• [S3BucketName] – Replace with actual S3 bucket name.
    • [RedshiftAccessRoleName] – Replace with the IAM role name.
  6. Confirm that you see the following tables listed under the public schema. Do a select count(*) on each table to see how many rows you have for the following tables:
    • customer: 1, 500,000
    • lineitem: 59,986,052
    • nation: 25
    • orders: 15,000,000
    • part: 2,000,000
    • partsupp: 8,000,000
    • region: 5
    • supplier: 100,000

Installing and configuring Power BI Desktop

In this step, you connect using Remote Desktop Protocol (RDP) into the Windows Server jump box and install Power BI Desktop, which you use later to create visualizations from the data that you pulled from Amazon Redshift. For more information, see Connecting to Your Windows Instance. Complete the following steps:

  • From your local machine, RDP to the Windows Server Jump Box. You can get the public IP address of the jump box from the CloudFormation Stack Outputs tab or from your EC2 Console.
  • Remember to use the EC2KeyPair you specified in the CloudFormation template to decrypt the administrator password by using the EC2 console:
    • Open the Amazon EC2 console, and then choose Instances.
    • Select the instance of your choice, choose Actions, and then choose Get Windows Password.
      Note: It can take a few minutes for this option to be available after first launching a new instance.
    • Click on Choose File, select your key pair file, and then choose Open. Alternatively, you can paste the contents of your key pair into the text box.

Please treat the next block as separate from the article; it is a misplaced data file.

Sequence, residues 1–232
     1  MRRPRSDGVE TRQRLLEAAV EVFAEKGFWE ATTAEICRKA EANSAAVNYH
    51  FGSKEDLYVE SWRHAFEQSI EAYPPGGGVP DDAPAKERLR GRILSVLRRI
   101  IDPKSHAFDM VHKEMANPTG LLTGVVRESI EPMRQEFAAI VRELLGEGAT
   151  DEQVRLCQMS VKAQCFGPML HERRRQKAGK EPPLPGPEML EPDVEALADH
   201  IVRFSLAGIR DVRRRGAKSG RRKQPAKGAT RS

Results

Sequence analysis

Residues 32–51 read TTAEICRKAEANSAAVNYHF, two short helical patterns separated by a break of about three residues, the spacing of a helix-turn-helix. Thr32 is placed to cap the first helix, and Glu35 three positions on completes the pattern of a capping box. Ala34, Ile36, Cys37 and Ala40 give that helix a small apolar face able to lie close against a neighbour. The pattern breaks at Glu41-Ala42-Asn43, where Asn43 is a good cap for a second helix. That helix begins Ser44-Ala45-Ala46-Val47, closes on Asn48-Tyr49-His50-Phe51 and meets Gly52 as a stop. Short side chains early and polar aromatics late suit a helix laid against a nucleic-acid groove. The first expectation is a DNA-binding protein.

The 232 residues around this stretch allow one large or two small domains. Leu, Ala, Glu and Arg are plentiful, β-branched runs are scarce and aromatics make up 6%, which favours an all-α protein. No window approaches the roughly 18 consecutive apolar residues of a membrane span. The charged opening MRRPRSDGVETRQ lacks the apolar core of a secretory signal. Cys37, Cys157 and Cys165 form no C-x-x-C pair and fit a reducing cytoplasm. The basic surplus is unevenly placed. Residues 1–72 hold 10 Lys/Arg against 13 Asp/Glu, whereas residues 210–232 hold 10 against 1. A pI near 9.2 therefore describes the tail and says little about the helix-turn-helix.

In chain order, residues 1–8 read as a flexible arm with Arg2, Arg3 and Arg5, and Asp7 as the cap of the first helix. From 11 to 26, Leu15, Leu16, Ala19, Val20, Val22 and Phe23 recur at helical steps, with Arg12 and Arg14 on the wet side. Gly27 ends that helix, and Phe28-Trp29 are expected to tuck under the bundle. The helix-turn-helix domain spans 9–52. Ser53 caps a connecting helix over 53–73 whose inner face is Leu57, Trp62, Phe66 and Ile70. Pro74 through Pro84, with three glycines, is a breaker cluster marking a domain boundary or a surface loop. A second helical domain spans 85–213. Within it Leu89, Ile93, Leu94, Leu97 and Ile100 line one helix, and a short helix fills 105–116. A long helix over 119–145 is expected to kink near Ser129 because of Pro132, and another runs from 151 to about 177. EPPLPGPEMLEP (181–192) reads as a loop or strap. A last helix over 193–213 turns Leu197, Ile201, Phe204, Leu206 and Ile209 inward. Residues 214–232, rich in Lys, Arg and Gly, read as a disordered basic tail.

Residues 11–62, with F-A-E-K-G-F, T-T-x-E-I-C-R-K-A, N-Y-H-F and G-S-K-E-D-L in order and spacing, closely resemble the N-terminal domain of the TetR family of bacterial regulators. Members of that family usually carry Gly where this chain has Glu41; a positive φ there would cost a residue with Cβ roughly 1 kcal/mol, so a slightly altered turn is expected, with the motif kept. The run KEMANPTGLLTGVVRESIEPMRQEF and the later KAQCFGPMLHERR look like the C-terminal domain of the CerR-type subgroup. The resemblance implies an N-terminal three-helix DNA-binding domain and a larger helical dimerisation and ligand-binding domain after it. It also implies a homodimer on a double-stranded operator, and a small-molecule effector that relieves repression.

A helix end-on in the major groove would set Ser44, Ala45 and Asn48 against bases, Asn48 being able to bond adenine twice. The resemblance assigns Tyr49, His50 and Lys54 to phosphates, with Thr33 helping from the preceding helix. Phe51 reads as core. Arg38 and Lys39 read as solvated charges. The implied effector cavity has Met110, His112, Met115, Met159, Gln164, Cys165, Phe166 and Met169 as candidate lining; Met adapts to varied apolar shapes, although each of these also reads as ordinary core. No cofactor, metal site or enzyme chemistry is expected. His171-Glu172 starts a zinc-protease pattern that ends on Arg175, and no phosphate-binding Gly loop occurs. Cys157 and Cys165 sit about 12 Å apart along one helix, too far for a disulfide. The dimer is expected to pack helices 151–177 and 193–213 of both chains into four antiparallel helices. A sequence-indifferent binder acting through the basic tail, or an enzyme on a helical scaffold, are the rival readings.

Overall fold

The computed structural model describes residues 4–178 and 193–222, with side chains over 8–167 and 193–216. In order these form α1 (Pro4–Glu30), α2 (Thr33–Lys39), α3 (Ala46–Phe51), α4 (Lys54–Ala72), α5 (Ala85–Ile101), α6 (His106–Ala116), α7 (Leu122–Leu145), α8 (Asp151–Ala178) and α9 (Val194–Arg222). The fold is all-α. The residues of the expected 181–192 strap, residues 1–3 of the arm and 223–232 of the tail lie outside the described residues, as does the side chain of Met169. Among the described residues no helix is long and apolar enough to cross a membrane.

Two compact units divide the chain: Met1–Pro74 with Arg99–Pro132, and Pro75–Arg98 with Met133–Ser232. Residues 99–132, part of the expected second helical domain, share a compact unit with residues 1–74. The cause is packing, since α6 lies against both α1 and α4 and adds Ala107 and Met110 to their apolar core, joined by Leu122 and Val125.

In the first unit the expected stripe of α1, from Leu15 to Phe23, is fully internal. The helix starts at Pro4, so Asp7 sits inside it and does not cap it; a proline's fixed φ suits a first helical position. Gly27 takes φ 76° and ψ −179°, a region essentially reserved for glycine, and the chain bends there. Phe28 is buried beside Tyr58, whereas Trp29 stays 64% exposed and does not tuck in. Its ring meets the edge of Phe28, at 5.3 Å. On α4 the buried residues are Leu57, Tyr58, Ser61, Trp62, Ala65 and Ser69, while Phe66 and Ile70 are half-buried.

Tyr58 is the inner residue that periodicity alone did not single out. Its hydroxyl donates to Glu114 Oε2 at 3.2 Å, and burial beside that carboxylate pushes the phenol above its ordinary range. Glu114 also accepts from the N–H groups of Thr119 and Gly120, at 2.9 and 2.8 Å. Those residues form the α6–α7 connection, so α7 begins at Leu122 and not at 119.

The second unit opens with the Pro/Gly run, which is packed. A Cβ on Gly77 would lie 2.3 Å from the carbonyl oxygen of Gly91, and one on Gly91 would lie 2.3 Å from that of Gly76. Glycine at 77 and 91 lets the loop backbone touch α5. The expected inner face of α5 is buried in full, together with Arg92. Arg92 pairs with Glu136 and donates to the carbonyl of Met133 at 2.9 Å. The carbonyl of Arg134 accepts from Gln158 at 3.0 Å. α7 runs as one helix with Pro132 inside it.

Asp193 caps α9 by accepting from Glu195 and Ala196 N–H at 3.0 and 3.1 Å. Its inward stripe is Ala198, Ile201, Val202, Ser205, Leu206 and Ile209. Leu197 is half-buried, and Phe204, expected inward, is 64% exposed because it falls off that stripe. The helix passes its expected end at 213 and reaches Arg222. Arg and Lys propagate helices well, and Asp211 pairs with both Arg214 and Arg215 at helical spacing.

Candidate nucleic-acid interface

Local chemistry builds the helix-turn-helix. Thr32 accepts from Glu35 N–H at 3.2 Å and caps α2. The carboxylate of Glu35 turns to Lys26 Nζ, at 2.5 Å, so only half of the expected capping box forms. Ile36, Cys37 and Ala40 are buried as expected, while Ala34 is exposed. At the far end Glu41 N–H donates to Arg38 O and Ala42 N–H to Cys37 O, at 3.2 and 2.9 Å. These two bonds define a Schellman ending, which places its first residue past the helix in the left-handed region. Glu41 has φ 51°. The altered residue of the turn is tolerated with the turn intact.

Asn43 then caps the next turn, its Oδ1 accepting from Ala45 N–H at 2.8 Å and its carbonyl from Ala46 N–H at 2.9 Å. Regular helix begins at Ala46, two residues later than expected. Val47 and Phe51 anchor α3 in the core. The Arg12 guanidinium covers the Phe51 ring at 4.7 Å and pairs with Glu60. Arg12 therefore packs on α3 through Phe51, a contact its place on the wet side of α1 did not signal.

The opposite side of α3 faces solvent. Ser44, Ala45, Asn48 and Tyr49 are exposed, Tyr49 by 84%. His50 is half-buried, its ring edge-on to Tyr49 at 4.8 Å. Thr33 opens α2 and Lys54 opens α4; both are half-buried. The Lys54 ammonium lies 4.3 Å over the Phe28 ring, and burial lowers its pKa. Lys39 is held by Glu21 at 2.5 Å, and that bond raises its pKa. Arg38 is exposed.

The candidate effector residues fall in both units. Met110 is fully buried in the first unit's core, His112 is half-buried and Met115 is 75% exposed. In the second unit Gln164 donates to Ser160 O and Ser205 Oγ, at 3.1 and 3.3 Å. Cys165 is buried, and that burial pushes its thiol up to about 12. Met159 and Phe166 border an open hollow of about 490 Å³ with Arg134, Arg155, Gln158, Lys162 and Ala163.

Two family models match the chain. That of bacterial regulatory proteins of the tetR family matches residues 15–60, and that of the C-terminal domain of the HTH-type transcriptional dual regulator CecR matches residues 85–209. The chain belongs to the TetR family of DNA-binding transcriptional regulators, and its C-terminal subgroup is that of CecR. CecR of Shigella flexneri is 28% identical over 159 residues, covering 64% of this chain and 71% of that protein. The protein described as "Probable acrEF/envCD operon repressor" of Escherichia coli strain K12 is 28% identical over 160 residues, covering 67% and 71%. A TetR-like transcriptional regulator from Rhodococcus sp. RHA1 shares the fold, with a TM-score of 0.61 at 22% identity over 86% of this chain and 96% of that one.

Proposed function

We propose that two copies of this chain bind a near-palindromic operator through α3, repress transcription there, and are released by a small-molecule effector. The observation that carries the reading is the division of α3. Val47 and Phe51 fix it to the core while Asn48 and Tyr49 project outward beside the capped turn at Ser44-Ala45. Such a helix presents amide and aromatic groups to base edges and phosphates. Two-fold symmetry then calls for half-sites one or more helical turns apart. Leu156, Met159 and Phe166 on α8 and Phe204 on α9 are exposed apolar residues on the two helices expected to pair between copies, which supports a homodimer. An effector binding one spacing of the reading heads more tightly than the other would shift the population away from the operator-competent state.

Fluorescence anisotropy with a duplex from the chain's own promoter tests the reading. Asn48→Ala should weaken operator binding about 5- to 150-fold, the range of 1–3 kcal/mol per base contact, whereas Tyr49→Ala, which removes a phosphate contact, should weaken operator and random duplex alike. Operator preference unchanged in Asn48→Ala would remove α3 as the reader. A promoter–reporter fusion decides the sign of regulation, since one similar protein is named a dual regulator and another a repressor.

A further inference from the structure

• Choose Decrypt Password.
  • The first thing you’ll want to do after you’ve logged into the jump box is to turn off IE Enhanced Security Configuration. Otherwise, you will have problems logging into Power BI Service later.
    • Inside the Jump Box, go to Start > Server Manager > Local Server
    • Click the On link to the right of IE Enhanced Security Configuration
    • Click Off under the Administrators section and Click OK
  • Download and install Power BI Desktop 64-bit on the Jump Box. Remember to just download PBIDesktopSetup_x64.exe, which is the 64-bit version of Power BI Desktop.  After you download the executable, run it to install Power BI Desktop.  Accept all the default settings.

Installing and configuring a Microsoft on-premises data gateway

In this step, you install a Microsoft on-premises data gateway to enable Power BI to communicate with data stores that are not accessible from the public internet, such as your Amazon Redshift cluster, which you deployed inside a private subnet. Install the Microsoft on-premises data gateway on the data gateway instance. You can perform the following tests at minimum or no cost. Complete the following steps: